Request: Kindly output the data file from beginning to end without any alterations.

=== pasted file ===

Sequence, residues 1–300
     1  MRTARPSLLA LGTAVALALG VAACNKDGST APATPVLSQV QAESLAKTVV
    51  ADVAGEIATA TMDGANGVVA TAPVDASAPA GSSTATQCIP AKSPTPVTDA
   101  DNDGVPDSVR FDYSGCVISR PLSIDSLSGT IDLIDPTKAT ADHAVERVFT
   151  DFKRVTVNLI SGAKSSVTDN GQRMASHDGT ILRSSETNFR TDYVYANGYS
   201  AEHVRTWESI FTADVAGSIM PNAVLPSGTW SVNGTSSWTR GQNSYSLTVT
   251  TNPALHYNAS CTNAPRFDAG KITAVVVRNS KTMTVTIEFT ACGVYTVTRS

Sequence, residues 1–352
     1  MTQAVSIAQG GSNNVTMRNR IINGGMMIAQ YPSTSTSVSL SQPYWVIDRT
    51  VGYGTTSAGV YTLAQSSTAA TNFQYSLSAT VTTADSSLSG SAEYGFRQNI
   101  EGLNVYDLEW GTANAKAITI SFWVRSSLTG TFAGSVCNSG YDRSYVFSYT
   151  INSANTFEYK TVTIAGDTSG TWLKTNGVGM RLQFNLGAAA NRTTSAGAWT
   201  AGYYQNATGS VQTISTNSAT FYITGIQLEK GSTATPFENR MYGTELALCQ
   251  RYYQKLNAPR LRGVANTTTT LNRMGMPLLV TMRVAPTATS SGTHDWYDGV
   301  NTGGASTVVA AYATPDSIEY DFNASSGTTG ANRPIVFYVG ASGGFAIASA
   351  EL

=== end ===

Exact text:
Sequence, residues 1–300
     1  MRTARPSLLA LGTAVALALG VAACNKDGST APATPVLSQV QAESLAKTVV
    51  ADVAGEIATA TMDGANGVVA TAPVDASAPA GSSTATQCIP AKSPTPVTDA
   101  DNDGVPDSVR FDYSGCVISR PLSIDSLSGT IDLIDPTKAT ADHAVERVFT
   151  DFKRVTVNLI SGAKSSVTDN GQRMASHDGT ILRSSETNFR TDYVYANGYS
   201  AEHVRTWESI FTADVAGSIM PNAVLPSGTW SVNGTSSWTR GQNSYSLTVT
   251  TNPALHYNAS CTNAPRFDAG KITAVVVRNS KTMTVTIEFT ACGVYTVTRS

Sequence, residues 1–352
     1  MTQAVSIAQG GSNNVTMRNR IINGGMMIAQ YPSTSTSVSL SQPYWVIDRT
    51  VGYGTTSAGV YTLAQSSTAA TNFQYSLSAT VTTADSSLSG SAEYGFRQNI
   101  EGLNVYDLEW GTANAKAITI SFWVRSSLTG TFAGSVCNSG YDRSYVFSYT
   151  INSANTFEYK TVTIAGDTSG TWLKTNGVGM RLQFNLGAAA NRTTSAGAWT
   201  AGYYQNATGS VQTISTNSAT FYITGIQLEK GSTATPFENR MYGTELALCQ
   251  RYYQKLNAPR LRGVANTTTT LNRMGMPLLV TMRVAPTATS SGTHDWYDGV
   301  NTGGASTVVA AYATPDSIEY DFNASSGTTG ANRPIVFYVG ASGGFAIASA
   351  EL